The prospect of constitutional reforms to provide greater autonomy for the occupied eastern provinces has opened up a sharp divide in Kiev.  In August, the Ukrainian parliament, or Verkhovna Rada, gave its initial approval to a set of constitutional amendments designed to satisfy the Minsk II requirements. This first step toward decentralization sparked violent protests that left three police officers dead in the capital. Whereas many Ukrainians see the reforms as de facto submission to Russian blackmail, it remains unlikely that Moscow or its proxy forces will consider the measures sufficient to satisfy Kiev’s obligations in keeping with Minsk II.

Russian Strategy and Objectives

What Russia seeks is not autonomy for eastern Ukraine, but an enduring source of leverage it can apply to prevent Ukraine from restoring its sovereignty and exercising its right to join NATO and the European Union. Moscow’s strategy of sponsoring proxy forces with a separatist agenda is one it has already applied successfully in Georgia and Moldova. The result has been a series of “frozen conflicts”, which Moscow can heat up when its interests require the intimidation of weaker neighbors.

In testimony before the Senate Armed Services Committee, retired General David Petraeus, the former director of the CIA, explained why Russia cannot afford peace in Ukraine.  Putin’s “worst nightmare,” Petraeus said, “would be a thriving, vibrant, prosperous democracy with [a] free-market economy on his western border.” By keeping the war “bubbling”, Putin can impose tremendous costs on a government in Kiev that is struggling to implement far-reaching reforms while fighting off a foreign invasion.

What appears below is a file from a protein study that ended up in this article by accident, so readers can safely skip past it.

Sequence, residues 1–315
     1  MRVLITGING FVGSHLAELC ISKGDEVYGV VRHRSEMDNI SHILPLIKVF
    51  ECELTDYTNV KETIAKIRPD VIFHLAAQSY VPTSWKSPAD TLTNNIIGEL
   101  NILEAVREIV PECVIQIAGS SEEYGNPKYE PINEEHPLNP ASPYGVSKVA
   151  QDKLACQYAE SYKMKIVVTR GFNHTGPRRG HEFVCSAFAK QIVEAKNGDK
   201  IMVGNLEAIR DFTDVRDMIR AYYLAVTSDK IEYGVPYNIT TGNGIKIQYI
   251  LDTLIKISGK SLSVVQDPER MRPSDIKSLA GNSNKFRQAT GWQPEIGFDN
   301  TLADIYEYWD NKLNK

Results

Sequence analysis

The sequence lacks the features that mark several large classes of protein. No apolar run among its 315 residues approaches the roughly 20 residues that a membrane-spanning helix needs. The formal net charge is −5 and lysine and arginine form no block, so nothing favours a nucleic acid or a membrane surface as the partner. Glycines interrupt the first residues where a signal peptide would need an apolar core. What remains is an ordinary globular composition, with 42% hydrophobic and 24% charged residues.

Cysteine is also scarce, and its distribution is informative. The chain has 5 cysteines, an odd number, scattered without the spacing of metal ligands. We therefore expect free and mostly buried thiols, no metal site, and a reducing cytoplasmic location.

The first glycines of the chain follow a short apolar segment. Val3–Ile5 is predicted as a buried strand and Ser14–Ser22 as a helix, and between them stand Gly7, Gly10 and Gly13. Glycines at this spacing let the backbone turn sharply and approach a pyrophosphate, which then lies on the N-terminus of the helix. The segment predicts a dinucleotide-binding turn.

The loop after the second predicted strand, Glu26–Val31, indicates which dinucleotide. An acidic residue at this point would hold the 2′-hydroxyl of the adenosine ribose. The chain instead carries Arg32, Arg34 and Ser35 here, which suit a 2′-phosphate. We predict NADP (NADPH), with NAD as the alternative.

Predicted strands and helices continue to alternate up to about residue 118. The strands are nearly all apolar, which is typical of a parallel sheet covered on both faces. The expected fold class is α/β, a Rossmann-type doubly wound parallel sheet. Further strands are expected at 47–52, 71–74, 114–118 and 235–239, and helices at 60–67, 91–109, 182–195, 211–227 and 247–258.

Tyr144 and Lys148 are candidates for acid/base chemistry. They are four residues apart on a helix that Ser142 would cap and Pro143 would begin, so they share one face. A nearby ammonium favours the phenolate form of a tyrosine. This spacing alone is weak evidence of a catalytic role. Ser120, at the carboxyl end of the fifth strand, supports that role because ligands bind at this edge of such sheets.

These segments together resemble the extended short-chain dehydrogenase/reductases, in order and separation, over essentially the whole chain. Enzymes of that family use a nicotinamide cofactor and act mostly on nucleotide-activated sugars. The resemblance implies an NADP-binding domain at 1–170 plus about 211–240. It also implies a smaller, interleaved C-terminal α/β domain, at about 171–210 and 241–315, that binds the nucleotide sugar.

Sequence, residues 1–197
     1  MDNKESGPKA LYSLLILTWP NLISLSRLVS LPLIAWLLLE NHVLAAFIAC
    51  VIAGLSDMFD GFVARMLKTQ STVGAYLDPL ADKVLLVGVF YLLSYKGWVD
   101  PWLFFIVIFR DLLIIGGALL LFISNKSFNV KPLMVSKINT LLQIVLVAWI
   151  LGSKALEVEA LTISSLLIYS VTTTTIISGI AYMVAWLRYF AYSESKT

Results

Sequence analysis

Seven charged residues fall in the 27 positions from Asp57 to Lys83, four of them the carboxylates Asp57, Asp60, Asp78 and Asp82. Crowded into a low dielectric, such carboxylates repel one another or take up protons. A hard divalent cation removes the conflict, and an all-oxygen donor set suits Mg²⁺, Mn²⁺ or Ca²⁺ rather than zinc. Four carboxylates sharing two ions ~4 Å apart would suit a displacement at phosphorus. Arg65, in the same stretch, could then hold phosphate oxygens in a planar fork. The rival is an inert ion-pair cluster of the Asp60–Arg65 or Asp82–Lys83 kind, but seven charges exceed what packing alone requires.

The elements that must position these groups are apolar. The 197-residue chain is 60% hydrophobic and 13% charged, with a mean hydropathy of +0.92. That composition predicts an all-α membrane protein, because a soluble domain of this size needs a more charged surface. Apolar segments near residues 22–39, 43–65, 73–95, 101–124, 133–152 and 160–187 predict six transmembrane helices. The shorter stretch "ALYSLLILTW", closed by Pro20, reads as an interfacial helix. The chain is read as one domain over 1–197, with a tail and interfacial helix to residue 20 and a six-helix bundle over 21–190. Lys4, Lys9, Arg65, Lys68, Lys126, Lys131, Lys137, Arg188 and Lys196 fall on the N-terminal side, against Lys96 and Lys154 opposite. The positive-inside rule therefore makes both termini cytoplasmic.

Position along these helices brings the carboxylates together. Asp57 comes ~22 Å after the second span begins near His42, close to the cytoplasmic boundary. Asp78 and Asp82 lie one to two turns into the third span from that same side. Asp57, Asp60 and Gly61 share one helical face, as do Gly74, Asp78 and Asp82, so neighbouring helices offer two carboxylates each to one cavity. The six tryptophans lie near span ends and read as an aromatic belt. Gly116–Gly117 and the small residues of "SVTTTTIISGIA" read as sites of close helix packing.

Petraeus did offer a note of hope, however. He observed that “Vladimir Putin is going to run out of foreign reserves. He's probably got 200 billion or so left. He will burn through those in the course of the next 2 years.” If Western sanctions remain in place once Putin’s reserves have run out, “he and the companies that have debt coming due – he’s running a very large fiscal deficit – are not going to be able to go to world markets and get money to finance their government operations. So, I think he has, actually, a limited window of a couple of years to continue provocative actions.”

While the Russian economy is ailing, there is little information about how much of a burden the war in Ukraine imposes on the Kremlin’s finances. According to an interview with a separatist commander by an independent Russian journalist, Moscow provides the so-called “People’s Republic of Donetsk” with 70 percent of its budget. Russia is also building a massive new military base right on the Ukrainian border. There is also evidence that Moscow continues to provide its proxies with new kinds of advanced weapons.